Anders Åslund, a senior fellow at the Atlantic Council in Washington, D.C., says a new deal between Ukraine and the International Monetary Fund (IMF) unlocks US$8 billion in additional government borrowing.

"Ukraine has substantial debt service coming due in 2019-2020 and it would need some $7 billion in external financing during this period. The IMF agreement should solve it all. The IMF itself will probably disburse $2 billion at the end of this year. With IMF approval, the European Union and the World Bank are likely to provide $2 billion, and the government can sell eurobonds for an additional $2 billion at an admittedly high yield of some 9 percent. In addition, several state corporations are likely to sell eurobonds or borrow by other means. Thus, $8 billion or so of additional government borrowing is probable," Åslund wrote.

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According to him, given that Ukraine's public debt has shrunk to 62 percent of GDP, the additional public debt raises no concerns, while the central bank reserves of only $16.6 billion at the end of September corresponded to only 2.9 months of imports and were worrisome.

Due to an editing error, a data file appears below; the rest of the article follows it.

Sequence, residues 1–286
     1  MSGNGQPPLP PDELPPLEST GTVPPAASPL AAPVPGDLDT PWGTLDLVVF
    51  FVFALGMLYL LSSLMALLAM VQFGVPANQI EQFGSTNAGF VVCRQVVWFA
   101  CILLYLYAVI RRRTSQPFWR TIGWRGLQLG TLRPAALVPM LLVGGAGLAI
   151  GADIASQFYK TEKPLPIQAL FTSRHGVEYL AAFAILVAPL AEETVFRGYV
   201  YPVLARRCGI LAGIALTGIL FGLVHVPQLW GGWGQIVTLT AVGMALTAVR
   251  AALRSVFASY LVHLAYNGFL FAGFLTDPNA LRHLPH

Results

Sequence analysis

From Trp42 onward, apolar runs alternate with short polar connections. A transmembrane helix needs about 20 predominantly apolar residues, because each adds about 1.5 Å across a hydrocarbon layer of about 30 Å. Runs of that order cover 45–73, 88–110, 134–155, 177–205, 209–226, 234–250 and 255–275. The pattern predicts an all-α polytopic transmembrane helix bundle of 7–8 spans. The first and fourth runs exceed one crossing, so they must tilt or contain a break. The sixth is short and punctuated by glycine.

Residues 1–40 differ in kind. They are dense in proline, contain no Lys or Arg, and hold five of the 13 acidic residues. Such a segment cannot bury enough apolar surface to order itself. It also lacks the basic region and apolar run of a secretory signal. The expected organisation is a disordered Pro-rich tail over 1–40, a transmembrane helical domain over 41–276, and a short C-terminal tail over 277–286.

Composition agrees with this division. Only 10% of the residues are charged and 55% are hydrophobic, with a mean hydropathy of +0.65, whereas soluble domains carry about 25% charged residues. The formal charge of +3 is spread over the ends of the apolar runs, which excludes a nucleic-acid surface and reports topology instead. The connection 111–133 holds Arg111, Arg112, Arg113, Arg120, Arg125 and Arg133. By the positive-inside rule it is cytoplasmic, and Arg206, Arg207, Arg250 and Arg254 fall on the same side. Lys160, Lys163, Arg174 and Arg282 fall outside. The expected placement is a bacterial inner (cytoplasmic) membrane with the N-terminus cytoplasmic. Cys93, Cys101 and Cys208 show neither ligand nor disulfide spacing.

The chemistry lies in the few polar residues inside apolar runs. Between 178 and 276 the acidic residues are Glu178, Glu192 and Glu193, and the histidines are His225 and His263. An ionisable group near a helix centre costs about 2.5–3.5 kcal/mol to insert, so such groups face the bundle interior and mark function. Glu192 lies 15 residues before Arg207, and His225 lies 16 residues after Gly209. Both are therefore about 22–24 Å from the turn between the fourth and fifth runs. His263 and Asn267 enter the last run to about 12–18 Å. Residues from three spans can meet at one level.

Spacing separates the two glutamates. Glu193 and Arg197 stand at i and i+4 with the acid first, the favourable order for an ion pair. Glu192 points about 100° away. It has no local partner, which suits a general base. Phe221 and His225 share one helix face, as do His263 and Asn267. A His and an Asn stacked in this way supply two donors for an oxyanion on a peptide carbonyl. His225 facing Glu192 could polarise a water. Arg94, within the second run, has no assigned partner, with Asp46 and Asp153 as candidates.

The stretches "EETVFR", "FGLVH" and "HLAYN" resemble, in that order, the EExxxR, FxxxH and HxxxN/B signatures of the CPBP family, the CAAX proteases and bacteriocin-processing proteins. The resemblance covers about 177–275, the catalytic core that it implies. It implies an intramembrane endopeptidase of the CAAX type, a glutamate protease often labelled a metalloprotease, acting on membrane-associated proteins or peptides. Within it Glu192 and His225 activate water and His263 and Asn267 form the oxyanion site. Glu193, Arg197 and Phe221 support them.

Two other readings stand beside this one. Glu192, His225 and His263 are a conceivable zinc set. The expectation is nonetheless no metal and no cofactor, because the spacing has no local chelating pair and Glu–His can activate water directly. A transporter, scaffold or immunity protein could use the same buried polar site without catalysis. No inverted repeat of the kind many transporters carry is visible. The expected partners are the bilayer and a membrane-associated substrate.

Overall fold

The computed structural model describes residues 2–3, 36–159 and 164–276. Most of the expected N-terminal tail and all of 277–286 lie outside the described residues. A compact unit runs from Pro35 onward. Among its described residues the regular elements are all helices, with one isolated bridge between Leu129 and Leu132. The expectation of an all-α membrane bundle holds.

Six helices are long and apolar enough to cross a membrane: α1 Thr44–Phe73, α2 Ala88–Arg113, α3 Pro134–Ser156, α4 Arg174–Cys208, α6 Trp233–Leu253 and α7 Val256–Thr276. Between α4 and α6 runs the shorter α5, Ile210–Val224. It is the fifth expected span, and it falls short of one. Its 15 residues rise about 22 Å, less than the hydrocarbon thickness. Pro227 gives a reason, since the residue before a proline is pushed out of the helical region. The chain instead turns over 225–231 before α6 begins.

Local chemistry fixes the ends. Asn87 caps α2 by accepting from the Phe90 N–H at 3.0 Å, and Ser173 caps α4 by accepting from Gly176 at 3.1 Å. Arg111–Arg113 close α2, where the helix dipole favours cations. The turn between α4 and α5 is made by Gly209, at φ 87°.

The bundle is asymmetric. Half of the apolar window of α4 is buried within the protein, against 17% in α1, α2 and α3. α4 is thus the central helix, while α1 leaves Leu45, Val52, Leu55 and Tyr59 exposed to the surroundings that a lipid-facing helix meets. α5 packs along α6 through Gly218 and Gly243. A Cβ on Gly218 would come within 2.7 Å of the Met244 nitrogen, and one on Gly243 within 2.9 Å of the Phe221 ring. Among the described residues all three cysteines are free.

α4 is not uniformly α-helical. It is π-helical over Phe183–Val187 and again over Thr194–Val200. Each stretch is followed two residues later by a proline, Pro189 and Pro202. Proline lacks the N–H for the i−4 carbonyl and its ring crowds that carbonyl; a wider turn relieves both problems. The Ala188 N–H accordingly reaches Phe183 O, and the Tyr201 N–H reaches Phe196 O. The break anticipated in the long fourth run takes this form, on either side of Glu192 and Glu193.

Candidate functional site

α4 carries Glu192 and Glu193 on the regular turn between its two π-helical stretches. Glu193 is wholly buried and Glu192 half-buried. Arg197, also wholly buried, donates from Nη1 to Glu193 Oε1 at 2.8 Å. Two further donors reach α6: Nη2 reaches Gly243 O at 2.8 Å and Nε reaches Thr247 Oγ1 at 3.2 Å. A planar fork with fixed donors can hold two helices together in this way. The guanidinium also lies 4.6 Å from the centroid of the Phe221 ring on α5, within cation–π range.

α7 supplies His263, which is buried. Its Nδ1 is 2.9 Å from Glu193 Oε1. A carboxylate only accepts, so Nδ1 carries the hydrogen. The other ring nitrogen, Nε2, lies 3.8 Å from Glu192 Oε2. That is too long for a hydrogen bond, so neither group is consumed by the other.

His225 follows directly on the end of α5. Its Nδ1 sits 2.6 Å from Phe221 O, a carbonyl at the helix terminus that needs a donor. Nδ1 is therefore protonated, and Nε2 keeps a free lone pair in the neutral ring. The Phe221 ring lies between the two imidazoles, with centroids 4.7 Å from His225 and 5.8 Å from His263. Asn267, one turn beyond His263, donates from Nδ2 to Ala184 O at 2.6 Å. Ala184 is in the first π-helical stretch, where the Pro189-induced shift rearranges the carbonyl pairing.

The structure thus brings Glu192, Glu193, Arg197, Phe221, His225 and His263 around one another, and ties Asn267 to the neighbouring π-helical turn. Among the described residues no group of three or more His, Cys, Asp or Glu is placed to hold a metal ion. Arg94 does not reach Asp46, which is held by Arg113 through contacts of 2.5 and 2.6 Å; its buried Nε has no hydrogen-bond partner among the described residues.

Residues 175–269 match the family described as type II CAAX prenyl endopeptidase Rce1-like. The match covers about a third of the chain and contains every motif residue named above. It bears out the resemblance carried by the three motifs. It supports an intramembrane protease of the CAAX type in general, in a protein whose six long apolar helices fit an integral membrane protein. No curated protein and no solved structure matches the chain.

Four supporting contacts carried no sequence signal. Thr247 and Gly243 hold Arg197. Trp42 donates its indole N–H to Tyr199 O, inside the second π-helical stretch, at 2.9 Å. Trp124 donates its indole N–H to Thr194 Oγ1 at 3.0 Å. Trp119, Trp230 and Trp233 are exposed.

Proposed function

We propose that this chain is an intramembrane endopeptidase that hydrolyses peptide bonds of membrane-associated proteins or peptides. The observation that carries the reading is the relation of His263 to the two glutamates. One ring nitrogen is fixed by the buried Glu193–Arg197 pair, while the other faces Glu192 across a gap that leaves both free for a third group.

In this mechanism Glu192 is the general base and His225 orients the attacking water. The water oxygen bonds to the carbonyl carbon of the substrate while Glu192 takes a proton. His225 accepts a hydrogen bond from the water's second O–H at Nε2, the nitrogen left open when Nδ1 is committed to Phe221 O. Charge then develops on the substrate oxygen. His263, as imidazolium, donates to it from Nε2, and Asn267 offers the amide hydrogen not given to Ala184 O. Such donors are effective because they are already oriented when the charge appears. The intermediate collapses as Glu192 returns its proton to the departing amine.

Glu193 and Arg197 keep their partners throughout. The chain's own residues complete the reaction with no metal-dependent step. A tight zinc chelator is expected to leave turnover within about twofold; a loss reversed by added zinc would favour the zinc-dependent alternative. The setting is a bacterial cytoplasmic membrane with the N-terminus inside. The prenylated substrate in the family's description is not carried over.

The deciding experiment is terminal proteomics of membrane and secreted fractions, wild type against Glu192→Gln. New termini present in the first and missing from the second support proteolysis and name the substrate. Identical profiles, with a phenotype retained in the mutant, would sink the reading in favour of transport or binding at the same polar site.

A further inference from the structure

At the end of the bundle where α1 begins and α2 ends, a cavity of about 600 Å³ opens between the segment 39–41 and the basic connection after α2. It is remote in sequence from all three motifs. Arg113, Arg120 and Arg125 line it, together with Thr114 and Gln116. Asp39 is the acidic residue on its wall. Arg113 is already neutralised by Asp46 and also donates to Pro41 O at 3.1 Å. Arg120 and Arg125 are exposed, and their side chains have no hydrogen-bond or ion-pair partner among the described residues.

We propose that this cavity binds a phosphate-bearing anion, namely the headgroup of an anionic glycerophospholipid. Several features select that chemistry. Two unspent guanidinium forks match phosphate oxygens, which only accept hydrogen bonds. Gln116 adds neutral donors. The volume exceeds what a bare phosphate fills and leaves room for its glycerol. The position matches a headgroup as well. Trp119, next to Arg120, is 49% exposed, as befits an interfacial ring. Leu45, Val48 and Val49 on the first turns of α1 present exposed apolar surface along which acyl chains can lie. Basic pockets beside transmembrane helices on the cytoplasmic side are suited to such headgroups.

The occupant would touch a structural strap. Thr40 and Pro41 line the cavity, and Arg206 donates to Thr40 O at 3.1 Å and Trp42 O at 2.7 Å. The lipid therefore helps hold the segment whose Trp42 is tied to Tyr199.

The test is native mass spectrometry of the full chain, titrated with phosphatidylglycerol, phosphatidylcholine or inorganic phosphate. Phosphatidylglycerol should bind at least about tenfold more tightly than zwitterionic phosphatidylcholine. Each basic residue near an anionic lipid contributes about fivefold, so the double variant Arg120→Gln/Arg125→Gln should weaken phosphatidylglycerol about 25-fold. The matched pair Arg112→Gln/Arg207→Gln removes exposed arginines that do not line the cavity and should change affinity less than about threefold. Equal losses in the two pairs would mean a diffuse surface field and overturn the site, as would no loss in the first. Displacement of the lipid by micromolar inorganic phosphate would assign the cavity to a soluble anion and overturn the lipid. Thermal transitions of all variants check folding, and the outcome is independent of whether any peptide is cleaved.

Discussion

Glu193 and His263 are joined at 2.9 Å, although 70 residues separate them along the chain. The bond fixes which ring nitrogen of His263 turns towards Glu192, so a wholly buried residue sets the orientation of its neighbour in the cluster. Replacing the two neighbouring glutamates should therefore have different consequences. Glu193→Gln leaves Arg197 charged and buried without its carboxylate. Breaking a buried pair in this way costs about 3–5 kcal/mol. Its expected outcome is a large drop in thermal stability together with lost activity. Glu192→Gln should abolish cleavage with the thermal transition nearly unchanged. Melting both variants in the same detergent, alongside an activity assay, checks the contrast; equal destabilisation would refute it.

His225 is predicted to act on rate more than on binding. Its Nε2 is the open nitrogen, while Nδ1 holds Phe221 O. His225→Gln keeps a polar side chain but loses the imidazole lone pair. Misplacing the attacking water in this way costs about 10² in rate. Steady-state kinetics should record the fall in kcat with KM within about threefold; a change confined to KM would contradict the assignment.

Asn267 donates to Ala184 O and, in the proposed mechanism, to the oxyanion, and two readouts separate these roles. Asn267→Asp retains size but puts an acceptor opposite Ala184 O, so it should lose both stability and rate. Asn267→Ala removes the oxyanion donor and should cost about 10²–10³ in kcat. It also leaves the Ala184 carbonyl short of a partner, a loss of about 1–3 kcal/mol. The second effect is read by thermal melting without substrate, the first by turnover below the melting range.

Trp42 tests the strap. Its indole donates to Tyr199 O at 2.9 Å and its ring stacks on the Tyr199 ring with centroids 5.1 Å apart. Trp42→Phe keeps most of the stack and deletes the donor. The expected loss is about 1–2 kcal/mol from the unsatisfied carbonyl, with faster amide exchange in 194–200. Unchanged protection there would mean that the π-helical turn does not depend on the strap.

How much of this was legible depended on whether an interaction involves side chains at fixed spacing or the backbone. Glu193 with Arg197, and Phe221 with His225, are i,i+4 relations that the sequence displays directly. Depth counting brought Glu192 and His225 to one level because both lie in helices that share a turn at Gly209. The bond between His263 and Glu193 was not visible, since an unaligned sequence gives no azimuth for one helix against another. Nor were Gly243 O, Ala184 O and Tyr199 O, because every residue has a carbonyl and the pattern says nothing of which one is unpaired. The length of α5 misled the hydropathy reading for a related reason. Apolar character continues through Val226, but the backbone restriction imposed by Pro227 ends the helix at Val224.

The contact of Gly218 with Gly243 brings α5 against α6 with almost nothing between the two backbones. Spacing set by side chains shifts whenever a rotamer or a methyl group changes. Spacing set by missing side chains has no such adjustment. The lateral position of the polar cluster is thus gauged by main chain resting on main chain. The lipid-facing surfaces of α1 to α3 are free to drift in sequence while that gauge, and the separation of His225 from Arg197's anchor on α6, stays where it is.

"Now the reserves should arouse no concern until the end of 2019," Åslund said.

As was reported, the IMF and the Ukrainian authorities earlier reached agreement on economic policies for a new 14-month Stand-By Arrangement (SBA) worth US$3.9 billion, which is to be approved by the IMF's Executive Board. The new SBA will replace the arrangement under the Extended Fund Facility (EFF), approved in March 2015 and set to expire in March 2019.

Board consideration is expected later in the year following parliamentary approval of a Ukrainian government budget for 2019 consistent with IMF recommendations and an increase in household gas and heating tariffs to reflect market developments while continuing to protect low-income households.